Another type of environmental monitoring is looking at the spectral signatures of crops or other vegetation for signs of distress from drought or pest infestations. Flying RPA costs much less than ground-based monitoring, and are more precise. Monitoring can identify under- or over-watering, and those are big deals in the current California drought.

In the Arctic, a hot topic is monitoring ice flow as global warming breaks up the ice sheet. Ice flow is dynamic. If you're shipping through the northern passage that opens in the summer, you have to plot it continually as the ice moves to ensure that your ship doesn't get stuck. This is a unique opportunity for RPA.

OSA: How are government regulations affecting autonomous vehicles?

MDP: The new FAA rules limit small drones to flying below 500 ft. Our aircraft are large and the real issue for them is flying in national airspace. Rules have yet to be announced, but it's clear that they need a sense-and-avoid capability to fly there. We've developed a radar-based approach, but others are looking at optical technologies. They must cover a large range—our aircraft can go up to 50,000 ft. The European countries and Japan also are looking at regulations for flying RPA in national airspace.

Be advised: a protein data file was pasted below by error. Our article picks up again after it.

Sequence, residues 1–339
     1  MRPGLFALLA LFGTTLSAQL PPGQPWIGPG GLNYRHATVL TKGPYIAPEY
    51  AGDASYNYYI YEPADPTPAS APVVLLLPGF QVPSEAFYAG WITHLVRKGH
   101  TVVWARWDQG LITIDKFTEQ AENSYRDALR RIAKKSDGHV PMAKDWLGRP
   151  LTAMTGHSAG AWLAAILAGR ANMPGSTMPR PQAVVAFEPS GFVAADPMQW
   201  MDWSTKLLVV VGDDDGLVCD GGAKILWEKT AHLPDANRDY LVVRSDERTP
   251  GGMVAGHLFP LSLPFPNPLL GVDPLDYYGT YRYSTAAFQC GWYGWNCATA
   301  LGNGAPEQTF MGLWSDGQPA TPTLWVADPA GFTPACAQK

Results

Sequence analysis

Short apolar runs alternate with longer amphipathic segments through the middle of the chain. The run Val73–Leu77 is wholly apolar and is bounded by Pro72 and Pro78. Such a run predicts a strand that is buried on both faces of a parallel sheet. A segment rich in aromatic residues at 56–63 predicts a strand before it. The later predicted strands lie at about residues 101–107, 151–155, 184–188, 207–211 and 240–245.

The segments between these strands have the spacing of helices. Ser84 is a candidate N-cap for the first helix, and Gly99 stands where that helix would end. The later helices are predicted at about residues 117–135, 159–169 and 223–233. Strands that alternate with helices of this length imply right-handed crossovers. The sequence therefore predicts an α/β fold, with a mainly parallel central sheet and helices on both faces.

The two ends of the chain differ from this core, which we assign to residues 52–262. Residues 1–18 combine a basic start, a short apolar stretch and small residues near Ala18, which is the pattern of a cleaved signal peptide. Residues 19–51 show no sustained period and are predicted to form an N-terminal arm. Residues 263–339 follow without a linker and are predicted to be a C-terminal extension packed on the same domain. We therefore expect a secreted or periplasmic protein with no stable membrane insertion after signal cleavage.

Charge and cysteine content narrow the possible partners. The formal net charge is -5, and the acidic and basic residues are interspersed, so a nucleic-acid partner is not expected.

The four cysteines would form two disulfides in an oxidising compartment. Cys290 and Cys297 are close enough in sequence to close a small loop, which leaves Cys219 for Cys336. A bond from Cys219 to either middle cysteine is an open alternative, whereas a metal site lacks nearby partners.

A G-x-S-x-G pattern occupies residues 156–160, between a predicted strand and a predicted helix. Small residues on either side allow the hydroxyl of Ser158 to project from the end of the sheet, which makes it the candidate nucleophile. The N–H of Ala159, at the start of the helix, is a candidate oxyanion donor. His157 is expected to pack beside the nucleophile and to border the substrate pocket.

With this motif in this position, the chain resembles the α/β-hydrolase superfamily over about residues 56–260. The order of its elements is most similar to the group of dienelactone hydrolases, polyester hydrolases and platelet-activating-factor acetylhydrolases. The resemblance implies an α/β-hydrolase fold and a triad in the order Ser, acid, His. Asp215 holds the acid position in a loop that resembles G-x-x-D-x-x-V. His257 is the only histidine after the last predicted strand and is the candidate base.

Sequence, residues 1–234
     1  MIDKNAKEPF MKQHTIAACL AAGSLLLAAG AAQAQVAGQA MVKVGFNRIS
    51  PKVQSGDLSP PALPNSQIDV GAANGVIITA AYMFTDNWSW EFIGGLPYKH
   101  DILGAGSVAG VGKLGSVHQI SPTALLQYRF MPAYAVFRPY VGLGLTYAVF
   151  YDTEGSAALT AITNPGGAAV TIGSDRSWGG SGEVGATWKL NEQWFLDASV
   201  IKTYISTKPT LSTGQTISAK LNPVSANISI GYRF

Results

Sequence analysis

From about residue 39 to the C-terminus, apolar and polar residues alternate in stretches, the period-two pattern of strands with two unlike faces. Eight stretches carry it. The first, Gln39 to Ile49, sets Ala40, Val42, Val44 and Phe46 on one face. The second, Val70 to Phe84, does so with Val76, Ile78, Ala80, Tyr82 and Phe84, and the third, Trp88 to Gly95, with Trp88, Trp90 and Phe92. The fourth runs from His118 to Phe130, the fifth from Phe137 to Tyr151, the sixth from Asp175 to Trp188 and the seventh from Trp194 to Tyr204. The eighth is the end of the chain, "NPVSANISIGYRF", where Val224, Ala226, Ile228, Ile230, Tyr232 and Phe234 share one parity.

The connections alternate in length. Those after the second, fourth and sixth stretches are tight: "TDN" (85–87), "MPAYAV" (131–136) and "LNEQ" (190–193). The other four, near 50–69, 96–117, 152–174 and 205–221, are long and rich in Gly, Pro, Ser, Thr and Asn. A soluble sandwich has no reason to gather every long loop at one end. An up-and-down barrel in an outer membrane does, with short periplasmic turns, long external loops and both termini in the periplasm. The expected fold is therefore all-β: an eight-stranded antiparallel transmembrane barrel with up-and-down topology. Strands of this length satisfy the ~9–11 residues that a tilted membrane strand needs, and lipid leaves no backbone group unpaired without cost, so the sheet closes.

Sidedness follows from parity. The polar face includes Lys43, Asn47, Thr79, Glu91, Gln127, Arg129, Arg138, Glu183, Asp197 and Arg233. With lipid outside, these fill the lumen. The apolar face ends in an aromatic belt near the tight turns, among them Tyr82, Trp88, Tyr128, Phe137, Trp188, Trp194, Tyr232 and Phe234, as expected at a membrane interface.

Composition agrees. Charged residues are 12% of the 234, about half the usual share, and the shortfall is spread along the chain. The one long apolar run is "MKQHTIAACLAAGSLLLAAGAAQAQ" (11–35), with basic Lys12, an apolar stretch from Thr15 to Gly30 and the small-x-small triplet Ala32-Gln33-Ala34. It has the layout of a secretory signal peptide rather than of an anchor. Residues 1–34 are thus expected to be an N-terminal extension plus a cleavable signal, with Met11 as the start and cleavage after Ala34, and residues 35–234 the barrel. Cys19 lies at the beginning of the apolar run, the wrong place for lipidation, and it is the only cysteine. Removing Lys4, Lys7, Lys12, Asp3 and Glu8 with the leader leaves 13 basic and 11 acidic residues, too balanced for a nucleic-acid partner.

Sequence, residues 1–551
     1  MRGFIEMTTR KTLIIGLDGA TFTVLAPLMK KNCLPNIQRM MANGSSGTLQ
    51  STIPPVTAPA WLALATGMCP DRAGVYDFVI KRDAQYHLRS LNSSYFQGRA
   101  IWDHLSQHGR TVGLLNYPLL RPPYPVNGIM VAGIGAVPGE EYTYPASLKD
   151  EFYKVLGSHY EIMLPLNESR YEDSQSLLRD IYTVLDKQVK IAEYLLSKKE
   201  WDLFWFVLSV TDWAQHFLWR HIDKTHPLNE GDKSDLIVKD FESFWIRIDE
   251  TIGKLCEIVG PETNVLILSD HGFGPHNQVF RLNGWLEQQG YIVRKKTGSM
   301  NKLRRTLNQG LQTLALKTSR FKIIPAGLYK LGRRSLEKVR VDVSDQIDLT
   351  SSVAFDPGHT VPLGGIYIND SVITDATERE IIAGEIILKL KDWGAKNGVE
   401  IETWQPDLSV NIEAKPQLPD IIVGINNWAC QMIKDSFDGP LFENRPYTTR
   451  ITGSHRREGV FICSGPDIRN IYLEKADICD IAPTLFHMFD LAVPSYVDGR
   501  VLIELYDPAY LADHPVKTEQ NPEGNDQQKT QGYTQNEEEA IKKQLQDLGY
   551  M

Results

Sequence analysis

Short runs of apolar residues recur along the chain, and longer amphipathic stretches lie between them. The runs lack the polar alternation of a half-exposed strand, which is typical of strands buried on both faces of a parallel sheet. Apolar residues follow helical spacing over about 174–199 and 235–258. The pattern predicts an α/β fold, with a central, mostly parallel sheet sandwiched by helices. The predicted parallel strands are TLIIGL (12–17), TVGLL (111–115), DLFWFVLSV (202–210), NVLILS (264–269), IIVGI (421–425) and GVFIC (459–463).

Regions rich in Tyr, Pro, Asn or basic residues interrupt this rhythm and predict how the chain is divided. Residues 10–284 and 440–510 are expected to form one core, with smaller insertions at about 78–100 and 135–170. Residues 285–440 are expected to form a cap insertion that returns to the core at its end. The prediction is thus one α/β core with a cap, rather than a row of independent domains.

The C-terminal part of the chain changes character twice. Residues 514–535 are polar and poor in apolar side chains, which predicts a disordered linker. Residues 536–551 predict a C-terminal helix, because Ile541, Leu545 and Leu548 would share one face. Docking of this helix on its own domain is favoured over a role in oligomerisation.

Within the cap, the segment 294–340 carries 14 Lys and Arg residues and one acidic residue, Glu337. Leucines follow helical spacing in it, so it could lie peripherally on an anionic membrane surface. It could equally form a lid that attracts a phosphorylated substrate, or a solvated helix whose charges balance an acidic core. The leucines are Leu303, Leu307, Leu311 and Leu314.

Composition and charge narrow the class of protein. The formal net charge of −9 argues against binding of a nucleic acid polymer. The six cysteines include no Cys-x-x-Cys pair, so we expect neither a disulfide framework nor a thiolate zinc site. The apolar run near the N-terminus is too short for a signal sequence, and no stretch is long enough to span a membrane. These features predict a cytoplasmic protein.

OSA: What about non-imaging optics on UAVs?

MDP: One of interest right now is laser communications. The big advantage of laser systems is gigabit data rates, compared to tens of megabits with radio-frequency systems. The challenges are avoiding interference from the weather and keeping beams pointed to high accuracy to and from the aircraft, but those issues can be overcome. The technology is very sound and can easily get to 2 Gbit/s. The European Alphasat includes a laser communications terminal, and we're working with the Alphasat partners to demonstrate a link between it and our RPA lasercom unit.

Google and Facebook are working on using large RPA like ours as servers in the sky to hover over rural areas. Mark Zuckerberg famously said that Africa has a billion potential Facebook users with no connection to the Internet. He can't run a hundred thousand miles of wire, but he can use lasercom to deliver the Internet from RPA at high capacity.

OSA: What advice do you offer young professionals about opportunities in optics?

MDP: There are tremendous opportunities in RPA-based optical systems, and lasers and electro-optics as a whole. We're desperate for good people. There is a lot of competition between the aerospace industry and companies like Google and Facebook that are developing their own optical systems. Anybody fresh out of school, or with a little experience in optics and lasers, is in high demand.


Avenger and Lynx are registered trademarks of General Atomics Aeronautical Systems, Inc. (GA-ASI).

MICHAEL D. PERRY is vice president of laser and electro-optic (LEO) systems for the Mission Systems business unit of General Atomics Aeronautical Systems, Inc. (GA-ASI), where he is responsible for development of electro-optic, laser, and missile defense systems for manned and remotely piloted aircraft (RPA) systems. He earned his doctorate from the University of California at Berkeley in 1987. He is a fellow of The Optical Society, with more than 30 patents on the development and use of lasers. He is a DOE Nuclear Science Fellow and was awarded the Nuclear Weapons Excellence Award.